No-one I've talked to, including people who have lived here their entire lives and whose parents grew up here, can ever remember seeing something like this happen before. And because it takes a confluence of perfect weather conditions to create these massive snow-castles, it may never happen again in our lifetime.
I've been meaning to write this to you for some time, but to be honest, I've been so huddled up under layers of sweatshirts and blankets that it makes using a keyboard difficult. I suppose all that's really done is prolong the inevitable. But our time has come. I think it's time we re-evaluate our relationship.
We Canadians have a special relationship with snow and ice. We ski in it, skate on it, play in it, shovel it, drive through it, sometimes even bicycle through it and suffer through it for many months of the year -- some of us more than others, depending on what part of the country we call home. But how much do we know about it?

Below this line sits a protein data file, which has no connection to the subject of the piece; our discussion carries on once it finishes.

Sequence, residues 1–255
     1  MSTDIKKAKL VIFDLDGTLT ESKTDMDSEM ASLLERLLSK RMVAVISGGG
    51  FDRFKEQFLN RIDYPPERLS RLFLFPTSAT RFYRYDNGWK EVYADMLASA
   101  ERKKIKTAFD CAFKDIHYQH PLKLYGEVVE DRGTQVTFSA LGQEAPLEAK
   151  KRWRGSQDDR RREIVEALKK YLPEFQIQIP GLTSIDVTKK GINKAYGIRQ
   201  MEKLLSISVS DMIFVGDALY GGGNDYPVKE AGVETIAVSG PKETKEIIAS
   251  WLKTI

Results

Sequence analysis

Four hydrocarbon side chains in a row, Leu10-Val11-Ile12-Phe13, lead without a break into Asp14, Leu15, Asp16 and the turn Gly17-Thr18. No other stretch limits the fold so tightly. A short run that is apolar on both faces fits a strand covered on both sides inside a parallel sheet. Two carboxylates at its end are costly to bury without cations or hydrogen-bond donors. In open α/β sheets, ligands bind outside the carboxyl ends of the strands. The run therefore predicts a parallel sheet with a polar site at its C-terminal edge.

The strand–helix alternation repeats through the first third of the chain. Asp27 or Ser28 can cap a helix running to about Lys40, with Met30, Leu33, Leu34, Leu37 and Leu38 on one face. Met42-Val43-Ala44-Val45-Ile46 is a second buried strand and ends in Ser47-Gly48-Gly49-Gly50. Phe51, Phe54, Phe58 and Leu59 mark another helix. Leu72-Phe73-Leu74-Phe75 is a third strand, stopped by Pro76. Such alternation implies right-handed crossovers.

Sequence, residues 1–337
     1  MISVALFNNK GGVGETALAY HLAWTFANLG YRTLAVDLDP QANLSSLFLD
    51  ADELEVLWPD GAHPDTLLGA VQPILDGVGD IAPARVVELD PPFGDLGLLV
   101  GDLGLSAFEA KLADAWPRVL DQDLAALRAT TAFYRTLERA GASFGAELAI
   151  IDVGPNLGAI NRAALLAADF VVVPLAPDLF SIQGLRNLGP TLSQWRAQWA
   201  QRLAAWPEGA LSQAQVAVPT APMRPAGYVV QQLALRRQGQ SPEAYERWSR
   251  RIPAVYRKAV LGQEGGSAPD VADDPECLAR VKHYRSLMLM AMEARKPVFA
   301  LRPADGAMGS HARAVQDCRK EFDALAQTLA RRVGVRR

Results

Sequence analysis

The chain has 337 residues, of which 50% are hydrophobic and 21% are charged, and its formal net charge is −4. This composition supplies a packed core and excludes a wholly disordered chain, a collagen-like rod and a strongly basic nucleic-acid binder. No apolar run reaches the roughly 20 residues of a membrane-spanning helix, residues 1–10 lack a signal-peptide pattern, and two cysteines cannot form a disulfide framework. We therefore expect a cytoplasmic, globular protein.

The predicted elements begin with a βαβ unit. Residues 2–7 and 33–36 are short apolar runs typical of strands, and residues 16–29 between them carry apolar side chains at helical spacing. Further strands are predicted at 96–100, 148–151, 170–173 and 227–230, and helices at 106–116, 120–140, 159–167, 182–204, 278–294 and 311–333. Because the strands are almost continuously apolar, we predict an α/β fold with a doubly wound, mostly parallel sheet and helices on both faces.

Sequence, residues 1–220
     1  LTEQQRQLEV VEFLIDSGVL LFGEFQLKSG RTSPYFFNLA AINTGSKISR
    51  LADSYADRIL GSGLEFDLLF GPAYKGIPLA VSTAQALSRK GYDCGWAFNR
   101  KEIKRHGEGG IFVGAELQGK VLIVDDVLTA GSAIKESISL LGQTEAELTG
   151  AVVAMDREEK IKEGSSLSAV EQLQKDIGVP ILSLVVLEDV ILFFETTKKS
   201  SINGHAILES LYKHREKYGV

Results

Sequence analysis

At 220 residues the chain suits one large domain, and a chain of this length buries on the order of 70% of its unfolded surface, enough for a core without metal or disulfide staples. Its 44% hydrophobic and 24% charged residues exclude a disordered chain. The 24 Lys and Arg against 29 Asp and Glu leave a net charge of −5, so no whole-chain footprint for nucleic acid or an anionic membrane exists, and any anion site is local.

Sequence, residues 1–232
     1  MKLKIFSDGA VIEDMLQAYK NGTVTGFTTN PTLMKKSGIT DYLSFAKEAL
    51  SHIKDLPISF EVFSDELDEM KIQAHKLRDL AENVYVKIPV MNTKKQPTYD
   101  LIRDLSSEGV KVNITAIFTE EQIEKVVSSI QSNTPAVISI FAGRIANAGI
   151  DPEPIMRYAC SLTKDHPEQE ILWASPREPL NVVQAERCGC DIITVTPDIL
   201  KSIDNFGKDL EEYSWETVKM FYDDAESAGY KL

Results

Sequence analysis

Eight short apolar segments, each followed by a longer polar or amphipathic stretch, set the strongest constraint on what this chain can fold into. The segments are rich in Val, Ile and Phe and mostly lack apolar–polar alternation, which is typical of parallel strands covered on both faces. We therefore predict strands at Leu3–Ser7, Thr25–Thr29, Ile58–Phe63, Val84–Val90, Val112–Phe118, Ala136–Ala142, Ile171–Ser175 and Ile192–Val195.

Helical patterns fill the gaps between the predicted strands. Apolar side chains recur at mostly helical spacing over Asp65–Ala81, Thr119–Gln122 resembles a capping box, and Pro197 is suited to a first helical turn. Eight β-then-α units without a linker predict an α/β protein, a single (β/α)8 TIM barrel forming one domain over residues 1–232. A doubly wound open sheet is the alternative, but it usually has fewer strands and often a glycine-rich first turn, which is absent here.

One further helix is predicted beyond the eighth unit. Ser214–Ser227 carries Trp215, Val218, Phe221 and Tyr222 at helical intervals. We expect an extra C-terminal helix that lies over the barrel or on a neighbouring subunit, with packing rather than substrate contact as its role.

What do we do in Canada when the landscape freezes over for a portion of the year? Many people choose to light a fire and curl up with a good book and some hot chocolate, but if you would like to get outside and dash through the snow, here is a look at some winter sporting options, including a few you may not have heard of before.
I am learning, slowly, but surely, that life is not about taking the perfect picture. It is about the big picture. And the smaller ones that define and describe who and what we are. Husband turned and said to me, after the snowman fell and we were rebuilding a second, "He's just like all of us. Falling apart and getting re-built bigger and better again."